Given China’s intentions to expand beyond its already enormous territory, the Y-20 B’s improved range capabilities would let Beijing reach more of its far-flung outposts, including those in the South China Sea and maybe outside the Asia-Pacific region.
Taking ‘inspiration’ from American C-17
You might have heard this one from previous reports on how the Y-20 resembles the American C-17 Globemaster III, which McDonnell Douglas developed for the US Air Force between the 1980s and the early 1990s before the aerospace firm merged with Boeing.
Reportedly, a Chinese national stole the US heavy transport aircraft’s design through conspiracy and espionage in 2016.
A man named Su Bin pleaded guilty and admitted to collaborating with Chinese military officers in hacking into the computer networks of major US defense contractors to siphon documents relating to the development of the C-17, as well as fighter jets F-22 Raptor and F-35 Lightning II. He was sentenced to 46 months in Federal Prison, but the deed had been done by then.
In 2009, a former Boeing employee also sold technical details of the C-17 to China, which at that time, was at the early stage of the Y-20 program.
These incidents have contributed to the rapid progress of the Y-20 program made in recent years.
By late 2020, despite the initial spreading of false images on the Y-20s, the aircraft was reported to have been spotted conducting test flights at Xi’an-Yanliang Air Base.
Entering service sooner than expected
A couple of Y-20As joined People’s Liberation Army Air Force (PLAAF) in 2016, primarily used for training operations and humanitarian missions. During the earlier months of the COVID-19 pandemic, a Y-20 aircraft flew over Wuhan City, the ground zero of the pandemic, to deliver additional medics, medical supplies, and other humanitarian aid.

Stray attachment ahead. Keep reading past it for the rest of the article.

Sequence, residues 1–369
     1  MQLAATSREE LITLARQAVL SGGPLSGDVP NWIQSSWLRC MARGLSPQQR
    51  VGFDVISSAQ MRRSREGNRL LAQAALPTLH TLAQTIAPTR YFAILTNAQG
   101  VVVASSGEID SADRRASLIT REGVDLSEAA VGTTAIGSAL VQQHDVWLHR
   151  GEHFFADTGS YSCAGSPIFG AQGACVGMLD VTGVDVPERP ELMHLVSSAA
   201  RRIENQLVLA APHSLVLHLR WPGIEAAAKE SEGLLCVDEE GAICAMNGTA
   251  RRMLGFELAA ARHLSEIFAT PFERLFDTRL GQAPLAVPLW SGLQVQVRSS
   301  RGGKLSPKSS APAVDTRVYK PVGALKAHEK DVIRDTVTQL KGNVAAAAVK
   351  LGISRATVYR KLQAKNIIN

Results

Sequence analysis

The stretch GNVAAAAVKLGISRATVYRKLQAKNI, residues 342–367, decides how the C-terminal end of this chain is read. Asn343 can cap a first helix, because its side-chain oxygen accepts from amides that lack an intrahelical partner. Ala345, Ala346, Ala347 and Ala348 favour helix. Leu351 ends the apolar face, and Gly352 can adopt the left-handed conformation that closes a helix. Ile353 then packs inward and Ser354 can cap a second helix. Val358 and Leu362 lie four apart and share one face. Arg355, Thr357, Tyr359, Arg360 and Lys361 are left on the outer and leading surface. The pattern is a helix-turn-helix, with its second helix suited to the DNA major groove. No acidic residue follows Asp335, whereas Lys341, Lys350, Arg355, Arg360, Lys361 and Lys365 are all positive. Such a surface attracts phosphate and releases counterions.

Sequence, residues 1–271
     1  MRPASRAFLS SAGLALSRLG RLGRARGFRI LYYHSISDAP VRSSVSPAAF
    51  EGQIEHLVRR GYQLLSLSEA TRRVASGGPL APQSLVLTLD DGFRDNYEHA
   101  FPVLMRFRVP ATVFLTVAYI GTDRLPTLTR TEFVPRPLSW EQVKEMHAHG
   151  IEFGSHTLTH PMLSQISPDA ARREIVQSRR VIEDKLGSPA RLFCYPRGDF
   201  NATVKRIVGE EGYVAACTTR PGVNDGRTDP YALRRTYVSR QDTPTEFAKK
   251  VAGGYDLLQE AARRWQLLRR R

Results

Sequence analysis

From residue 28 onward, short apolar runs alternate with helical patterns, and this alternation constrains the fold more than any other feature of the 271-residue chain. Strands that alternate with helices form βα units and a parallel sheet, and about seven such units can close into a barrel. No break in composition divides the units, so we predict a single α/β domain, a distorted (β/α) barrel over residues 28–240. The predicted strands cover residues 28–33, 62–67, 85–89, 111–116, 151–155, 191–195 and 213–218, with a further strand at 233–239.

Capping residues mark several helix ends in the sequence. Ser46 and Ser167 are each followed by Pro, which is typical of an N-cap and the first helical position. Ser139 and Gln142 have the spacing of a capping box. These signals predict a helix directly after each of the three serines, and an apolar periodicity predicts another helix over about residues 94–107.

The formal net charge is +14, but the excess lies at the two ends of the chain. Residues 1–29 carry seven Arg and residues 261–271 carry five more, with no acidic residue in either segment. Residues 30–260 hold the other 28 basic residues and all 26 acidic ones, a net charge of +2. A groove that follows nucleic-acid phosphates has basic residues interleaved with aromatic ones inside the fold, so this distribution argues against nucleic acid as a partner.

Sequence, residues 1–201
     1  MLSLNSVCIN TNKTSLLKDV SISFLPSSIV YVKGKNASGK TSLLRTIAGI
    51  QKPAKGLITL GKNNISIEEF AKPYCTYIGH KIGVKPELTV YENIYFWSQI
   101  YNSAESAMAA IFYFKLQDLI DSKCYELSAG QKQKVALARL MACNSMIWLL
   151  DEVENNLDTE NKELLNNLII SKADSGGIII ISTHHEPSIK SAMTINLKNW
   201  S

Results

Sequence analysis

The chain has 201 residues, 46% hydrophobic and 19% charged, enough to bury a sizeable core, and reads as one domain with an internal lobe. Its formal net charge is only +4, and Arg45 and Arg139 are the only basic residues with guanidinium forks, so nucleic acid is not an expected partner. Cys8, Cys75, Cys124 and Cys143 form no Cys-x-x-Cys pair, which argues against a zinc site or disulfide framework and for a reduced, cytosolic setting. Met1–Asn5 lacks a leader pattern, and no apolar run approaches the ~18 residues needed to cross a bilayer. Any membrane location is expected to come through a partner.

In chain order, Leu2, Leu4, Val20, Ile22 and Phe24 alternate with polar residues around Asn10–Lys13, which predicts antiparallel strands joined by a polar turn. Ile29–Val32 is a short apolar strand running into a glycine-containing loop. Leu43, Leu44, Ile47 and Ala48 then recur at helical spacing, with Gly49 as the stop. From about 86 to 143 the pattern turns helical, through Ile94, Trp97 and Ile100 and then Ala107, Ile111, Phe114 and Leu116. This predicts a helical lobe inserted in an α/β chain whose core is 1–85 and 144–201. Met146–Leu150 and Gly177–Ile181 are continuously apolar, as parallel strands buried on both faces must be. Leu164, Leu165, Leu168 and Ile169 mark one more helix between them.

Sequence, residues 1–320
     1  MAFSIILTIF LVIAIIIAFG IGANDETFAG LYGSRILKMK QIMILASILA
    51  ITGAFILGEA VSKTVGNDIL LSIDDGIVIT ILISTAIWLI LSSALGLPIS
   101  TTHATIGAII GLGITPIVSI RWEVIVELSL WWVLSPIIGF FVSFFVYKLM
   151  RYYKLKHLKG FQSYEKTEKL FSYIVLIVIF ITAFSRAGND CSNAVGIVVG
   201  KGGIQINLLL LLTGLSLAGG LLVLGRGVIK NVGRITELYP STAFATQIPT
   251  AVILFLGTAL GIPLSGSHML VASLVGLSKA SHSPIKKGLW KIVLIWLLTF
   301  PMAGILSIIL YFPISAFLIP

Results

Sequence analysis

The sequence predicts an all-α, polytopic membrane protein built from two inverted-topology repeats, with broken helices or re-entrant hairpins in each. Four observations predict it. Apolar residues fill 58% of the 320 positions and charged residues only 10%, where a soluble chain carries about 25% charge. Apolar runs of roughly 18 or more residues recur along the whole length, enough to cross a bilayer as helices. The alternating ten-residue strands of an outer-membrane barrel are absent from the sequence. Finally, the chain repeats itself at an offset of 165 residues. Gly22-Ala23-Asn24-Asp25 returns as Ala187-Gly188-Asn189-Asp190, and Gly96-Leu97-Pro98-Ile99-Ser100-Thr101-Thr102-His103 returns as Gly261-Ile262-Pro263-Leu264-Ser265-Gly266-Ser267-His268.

Moreover, the aircraft also partook in a surveillance fleet the PLAAF deployed to patrol the South China Sea in mid-to-late 2021.
Its most recent deployment, excluding humanitarian assistance, was the transfer of armaments to Serbia in 2022. Six Y-20s were reportedly detected flying into Serbia carrying FK-3 surface-to-air missile systems roughly six weeks after Russia invaded Ukraine—demonstrating the aircraft’s long-range transport capabilities.
Military analysts previously said that the Y-20B, powered by WS-20 engines, will take to the skies in 2024. However, given China’s astonishing modernization progress in recent years, it will most likely roll off the assembly line sooner than predicted. The number of units might still be limited by then, but it will come.
Other upcoming variants
Other Y-20-based derivatives, including an airborne early warning and control (AEW&C) platform designated as KJ-3000, and an aerial refueling tanker, Y-20U, are expected to join the PLAAF sometime in the future.
The latter reportedly became operational after being spotted refueling Shenyang J-16 fighter jets in July last year and will likely receive WS-20 engines.
PLAAF officially announces the induction of Y-20U tanker and releases the footage of Y-20U refueling J-16. pic.twitter.com/AKMJFoshpp
— dafeng cao (@dafengcao) July 31, 2022
Meanwhile, the KJ-3000 is still under development, with no additional specifics available.
This is an interesting model: A white fairing can be seen installed on top and under the fuselage and some claim, the landing gear / gear fairing was lengthened too … 🤔
Even if IMO it is not the rumoured KJ-3000 AEW, a variant for EW/ELINT/SIGINT could be a possibility. pic.twitter.com/RTsB8vi0ZO
— @Rupprecht_A (@RupprechtDeino) December 20, 2022
Unconfirmed reports regarding the development of the Chinese AEW&C variant suggested that the aircraft would more likely be an airborne command post or longe-range communications aircraft based on the available information, which intended to support missions in the vast waters of Asia Pacific, such as providing eyes for PLA Navy’s ballistic missiles submarine (SSBNs). A similar role US Navy’s E-6B Mercury is fulfilling.